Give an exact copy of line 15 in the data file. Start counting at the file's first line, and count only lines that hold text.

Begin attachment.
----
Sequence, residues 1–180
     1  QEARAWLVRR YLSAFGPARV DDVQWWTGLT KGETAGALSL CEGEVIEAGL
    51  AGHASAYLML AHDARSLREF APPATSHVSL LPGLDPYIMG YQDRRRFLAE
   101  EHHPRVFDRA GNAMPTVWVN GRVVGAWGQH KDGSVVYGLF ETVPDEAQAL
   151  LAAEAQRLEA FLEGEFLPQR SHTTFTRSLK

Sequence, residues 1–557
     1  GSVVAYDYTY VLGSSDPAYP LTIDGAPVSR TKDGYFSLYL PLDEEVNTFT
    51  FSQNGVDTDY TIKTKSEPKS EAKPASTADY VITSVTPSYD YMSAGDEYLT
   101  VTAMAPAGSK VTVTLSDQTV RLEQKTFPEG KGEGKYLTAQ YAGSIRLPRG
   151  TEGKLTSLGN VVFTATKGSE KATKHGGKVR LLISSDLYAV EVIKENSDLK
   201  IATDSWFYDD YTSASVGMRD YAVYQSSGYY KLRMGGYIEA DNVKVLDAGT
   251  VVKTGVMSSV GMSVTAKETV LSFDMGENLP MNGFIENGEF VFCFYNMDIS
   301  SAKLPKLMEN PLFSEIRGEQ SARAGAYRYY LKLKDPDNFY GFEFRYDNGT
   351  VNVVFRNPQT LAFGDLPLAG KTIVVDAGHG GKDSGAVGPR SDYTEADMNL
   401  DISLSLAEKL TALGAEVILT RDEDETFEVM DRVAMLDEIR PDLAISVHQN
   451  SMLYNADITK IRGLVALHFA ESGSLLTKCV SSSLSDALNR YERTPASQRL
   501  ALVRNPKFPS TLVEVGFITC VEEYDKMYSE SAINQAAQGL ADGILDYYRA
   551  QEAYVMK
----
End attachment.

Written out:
   401  DISLSLAEKL TALGAEVILT RDEDETFEVM DRVAMLDEIR PDLAISVHQN